Rectal Bleeding in Children

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Rectal bleeding in children is less common than in adults. It can cause a great deal of anxiety amongst parents and thus requires appropriate assessment, explanation and reassurance. The vast majority of rectal bleeding in children is benign but it may indicate serious underlying pathology.

The incidence and prevalence of rectal bleeding in children are poorly documented. Certain causes such as anal fissure are common in general practice. Overall it is not a common presentation in children attending hospital.

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Ask about the bleeding:

  • Is the bleeding acute or chronic?
  • What is the colour of the blood? Is it bright or dark?
    • Melaena rather than bright red blood indicates bleeding is higher in the bowel (usually duodenal or above).
    • Anorectal disorders, anal fissures and distal polyps cause bright red bleeding. Dark blood or blood mixed with stool suggests more proximal source of bleeding.
    • Beware that massive upper gastrointestinal bleeding can cause bright red rectal bleeding in children when transit time is short.

What is the quantity of bleeding?

  • Ask about other symptoms, either accompanying or antecedent to the bleeding:
    • Is there any vomiting? An infectious cause is suggested by diarrhoea and vomiting, fever, illness in others, recent travel, etc.
    • Has there been any straining?
    • What is the character of stools passed? Accompanying diarrhoea and signs of obstruction suggest intussusception, volvulus and, in some groups, even necrotising enterocolitis. Acute bloody diarrhoea in children is a medical emergency.
    • Has there been any abdominal pain?
    • Has there been any trauma?

Ask about general health:

  • Is the child eating and thriving?
  • Is there any past history of illness, including jaundice, blood disorders, intrauterine or neonatal conditions?

Ask about family history:

  • Is there any history of gastrointestinal disease (acute or chronic)?
  • Is there any history of haematological disease?
  • Is there a family history of polyps?[1]

Ask about medication - particularly:

  • Non-steroidal anti-inflammatory drugs.
  • Steroids.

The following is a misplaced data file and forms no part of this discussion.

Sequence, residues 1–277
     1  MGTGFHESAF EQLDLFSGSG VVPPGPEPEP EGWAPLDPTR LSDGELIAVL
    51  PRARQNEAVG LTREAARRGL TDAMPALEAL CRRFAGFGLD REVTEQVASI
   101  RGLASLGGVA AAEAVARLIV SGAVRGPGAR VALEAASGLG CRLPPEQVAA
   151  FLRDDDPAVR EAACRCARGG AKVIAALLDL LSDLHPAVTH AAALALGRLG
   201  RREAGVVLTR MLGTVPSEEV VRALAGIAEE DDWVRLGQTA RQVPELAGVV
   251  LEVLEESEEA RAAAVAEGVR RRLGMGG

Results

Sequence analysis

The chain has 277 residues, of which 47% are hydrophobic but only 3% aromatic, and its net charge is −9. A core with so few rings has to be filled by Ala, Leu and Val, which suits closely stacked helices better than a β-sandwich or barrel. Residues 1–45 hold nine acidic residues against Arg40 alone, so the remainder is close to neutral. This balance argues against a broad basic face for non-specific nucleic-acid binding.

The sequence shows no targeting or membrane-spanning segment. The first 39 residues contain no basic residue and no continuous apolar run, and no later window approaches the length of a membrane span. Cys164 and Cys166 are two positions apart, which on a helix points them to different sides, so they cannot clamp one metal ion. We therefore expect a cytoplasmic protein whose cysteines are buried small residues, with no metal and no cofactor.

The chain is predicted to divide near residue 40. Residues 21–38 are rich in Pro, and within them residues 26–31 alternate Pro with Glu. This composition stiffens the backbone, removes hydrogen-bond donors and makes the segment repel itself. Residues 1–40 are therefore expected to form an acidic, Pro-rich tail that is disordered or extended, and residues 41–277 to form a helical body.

• Iron supplements.
  • Any substances likely to colour the stool (liquorice, bismuth, etc.).
  • Look for signs of shock.
  • Look for signs of bleeding from other areas (oropharyngeal, nasal, etc.).
  • Examination of the skin may reveal evidence of systemic disorders (for example, Henoch-Schönlein purpura, and Peutz-Jeghers syndrome).
  • Examine the abdomen. Hyperactive bowel sounds may occur with upper gastrointestinal haemorrhage.
  • Examine the perianal area. Look for evidence of fissures or fistulas and assess perianal skin.
  • Consider rectal examination. This may reveal polyps, masses, or occult blood.

The likely causes in children vary with age.

  • Swallowed maternal blood:
    • Also found in regurgitated milk of breast-fed infants.
    • Maternal nipples may be cracked and sore.
  • Anal fissure:
    • Occurs in neonates and infants but also in older children.
    • Bright blood and pain are features of this condition.
    • Fissure is visible on examination and no further investigation is required.
    • Stool softeners may be needed if the child is constipated.
  • Volvulus:
    • Can occur in neonates and infants.
    • In neonates, it is heralded by sudden onset of melaena and bilious vomiting.
    • In infants, volvulus can also occur and presenting features include vomiting and abdominal distension.
    • Rectal bleeding occurs relatively late with development of gangrenous bowel.
    • Classic plain X-ray finding in midgut volvulus is the double bubble sign. Ultrasound can also be used.
  • Intussusception:
    • Occurs most often between 6 and 18 months.
    • Pain (paroxysms about every 10-20 minutes of colicky abdominal pain), distension, vomiting and a sausage-shaped mass are characteristic, as is the passage of blood and mucus in the form of redcurrant jelly stool.
    • Abdominal X-ray - may show dilated gas-filled proximal bowel, paucity of gas distally, multiple fluid levels (but may be normal in the early stages).
    • Ultrasound - may show doughnut or target sign, pseudokidney/sandwich appearance. It is a very effective modality and many consider it the investigation of choice.
    • Bowel enema - barium has been the gold standard (crescent sign, filling defect) but air and water-soluble double-contrast now available; each has pros and cons - choice is left to the individual radiologist.
  • Milk protein allergy:
    • Can cause occult or overt rectal bleeding.
    • It is also associated with diarrhoea, weight loss, vomiting and general irritability.
    • Diagnosis is made clinically, as symptoms resolve when the offending milk product is withdrawn.
  • Polyps:
    • Generally, these cause painless recurrent bleeding.[1]
    • In infants and up to teenage years they are most often juvenile polyps which autoamputate and usually require no treatment.
    • Other polyposis syndromes are diagnosed at colonoscopy.[2] Syndromes include juvenile polyps and polyposis, Peutz-Jeghers polyposis and familial adenomatous polyposis.
  • Meckel's diverticulitis:
    • This is more common in children aged younger than 2 years, and in males.